As the financial security of thousands of federal employees, some of them friends and family of mine, hangs in the balance, much has been said in the last few weeks about border security, immigration reform, and protecting vulnerable populations.  Perhaps reasonable minds can differ in their approach  of border security; personally, I think the border wall is a waste of resources that could be better spent on infrastructure, education, the establishment of an independent immigration court system, and  hiring more immigration judges to adjudicate the hundreds of thousands of pending cases. But there is a lot in the Trump-McConnell bill that reasonable minds cannot differ on: the proposed changes to Deferred Action for Childhood Arrivals (DACA), Temporary Protected Status (TPS), and asylum law.  These provisions are poison pills, benefit no one, and deprive some of the most vulnerable members of our community from much-needed protection.


DACA recipients, popularly referred to as “Dreamers,” are individuals who were brought to the U.S. as children, many of whom are currently protected despite the Trump administration’s efforts to rescind DACA, thus far blocked by the courts. This bill, however, would severely restrict who would be eligible for a temporary extension of status similar to DACA.  Most notably, any DACA recipient with a removal order would no longer be eligible for protection.  That means that a recipient whose parent made ill-informed decisions about how to proceed with their immigration court case would  be immediately vulnerable to deportation.


TPS recipients, whose home countries have suffered severe natural disasters or civil unrest, are similarly restricted from renewing their status if they have certain types of removal orders.  More importantly, the provision in the bill only covers TPS recipients from El Salvador, Nicaragua, Honduras, and Haiti.  It does not help TPS recipients from Sudan (whose TPS was also terminated by the Trump administration), nor does it address TPS recipients from South Sudan, Yemen, Somalia, Syria, and Nepal, whose TPS status will be up for possible termination in 2019 and 2020.  Like the changes to DACA, this bill leaves thousands of TPS beneficiaries without any protection in the short- or long-term.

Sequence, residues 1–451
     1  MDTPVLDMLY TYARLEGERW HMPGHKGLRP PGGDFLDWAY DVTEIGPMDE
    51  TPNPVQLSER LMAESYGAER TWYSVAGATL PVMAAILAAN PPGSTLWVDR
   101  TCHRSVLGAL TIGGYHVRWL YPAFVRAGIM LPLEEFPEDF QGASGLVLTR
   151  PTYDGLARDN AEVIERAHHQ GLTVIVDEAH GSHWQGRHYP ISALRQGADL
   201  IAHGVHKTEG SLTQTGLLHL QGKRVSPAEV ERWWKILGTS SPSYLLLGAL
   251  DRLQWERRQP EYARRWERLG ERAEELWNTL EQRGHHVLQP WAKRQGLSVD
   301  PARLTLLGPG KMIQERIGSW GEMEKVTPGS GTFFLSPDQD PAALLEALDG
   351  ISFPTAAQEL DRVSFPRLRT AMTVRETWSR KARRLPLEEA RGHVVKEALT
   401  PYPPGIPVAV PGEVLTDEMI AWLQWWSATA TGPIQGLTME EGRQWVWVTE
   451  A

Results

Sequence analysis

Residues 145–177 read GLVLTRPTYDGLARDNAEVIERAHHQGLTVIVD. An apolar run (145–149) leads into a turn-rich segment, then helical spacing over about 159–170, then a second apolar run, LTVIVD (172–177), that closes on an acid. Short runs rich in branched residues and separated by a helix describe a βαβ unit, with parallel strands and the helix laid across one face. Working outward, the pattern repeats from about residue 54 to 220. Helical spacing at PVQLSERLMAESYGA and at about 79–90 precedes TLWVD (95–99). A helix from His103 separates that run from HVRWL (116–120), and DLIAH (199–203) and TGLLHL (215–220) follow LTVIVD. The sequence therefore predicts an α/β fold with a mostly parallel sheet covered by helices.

Asylum for Central American Minors

Most horrendous among the changes embedded in the bill are those to U.S. asylum law.  The bill specifically targets minors from Honduras, El Salvador, and Guatemala, and bars them from seeking asylum in the United States, if they are already present in the country or have presented themselves at a port of entry.  Instead, these children would be forced to apply for asylum through as-of-yet nonexistent processing centers in Central America and Mexico – processing centers that the United States government has no authority to establish without the permission of these countries’ governments and which would take over 200 days to set up. Until these are open, no Central American minor would be able to seek asylum in the U.S. How can a minor child find qualified U.S. immigration counsel when their asylum interview is scheduled in Belize? Or Costa Rica?  Or in the very countries in which these children’s lives have been threatened?  It’s a farce, and one that jeopardizes the safety of children.

Our nation has benefitted immeasurably from the shared prosperity we have enjoyed as a nation of immigrants. The American Dream is one that people from all over the world have made their own, and our economy, society, and culture have thrived as we welcomed immigrants, and provided protection to those whose lives are in danger.  We should continue that American tradition, and reject this bill, which does not honor our values as a nation.